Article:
Second Base Performance Analysis

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Coaching the Second Base Position – 1

The second baseman on any team, whether in Major League Baseball or in Little League, needs to be a dependable and reliable member of the infield. It is important to remember when coaching this position to stress fundamentals and smart positional play.

Fielding the Second Base Position – 2

Infield Stance -- 2

Just like with any infielder, being ready to field your position is vital for success and error free play. A second baseman should be ready to go in any direction before the pitch is even thrown. Make sure you instruct your second basemen to keep their knees bent, their weight on the balls of their feet and their heads up. They should have their glove low to the ground and ready to trap any ground
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You should let them know that an underhanded toss to the shortstop may sometimes be easier to catch and transfer than a hard throw when there is little distance to cover. They should toss the ball to the shortstop’s chest to allow for an easy catch and release that will give his defensive partner an opportunity to turn a clean double play without having to reach for the ball.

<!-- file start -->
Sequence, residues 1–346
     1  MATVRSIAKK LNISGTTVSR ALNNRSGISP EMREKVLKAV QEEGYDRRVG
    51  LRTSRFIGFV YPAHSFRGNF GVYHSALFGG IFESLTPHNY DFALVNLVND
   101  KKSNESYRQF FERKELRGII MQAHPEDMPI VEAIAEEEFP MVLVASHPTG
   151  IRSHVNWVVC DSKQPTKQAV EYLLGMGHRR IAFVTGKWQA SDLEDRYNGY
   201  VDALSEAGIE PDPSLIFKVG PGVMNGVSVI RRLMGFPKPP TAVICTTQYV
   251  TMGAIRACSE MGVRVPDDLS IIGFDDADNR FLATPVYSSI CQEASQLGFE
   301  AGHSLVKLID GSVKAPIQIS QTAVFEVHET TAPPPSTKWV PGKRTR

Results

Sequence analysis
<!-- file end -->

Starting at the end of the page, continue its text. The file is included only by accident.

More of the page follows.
Covering First Base on Bunting Situations – 3

In the event of a bunt to the right side of the infield, the second baseman must cover first base. It will be the shortstop’s duty to see that second base is taken covered. This will require quick reflexes and knowledge of the situation. It is vital that your infielders know when a bunt is possible, and it should be the shortstop’s duty to yell loud enough for the second baseman to hear that a bunt is on.

In order to get an out at first base and prevent your second baseman from being stepped on or fall in the path of the baserunner, you must emphasize that their left foot be pressed up against the side of the bag and not on the top. This will allow them to stretch towards the play if the first baseman or catcher throws the ball to first for the sacrifice
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You designate one player as a baserunner, and have two even lines of fielders on one base and another line of players on a base 90 feet away. The object is simple; the fielders must tag the runner out before he reaches either base. The key is that only the player with the ball can leave his base to chase the runner down. Once a player has thrown the ball, he must hustle back to the end of the opposing line and wait for his turn to come around again, or until the base runner has reached a base safely. There are numerous ways to turn this into a game or an exciting routine that will help your fielders learn how to make quick and accurate throws on the

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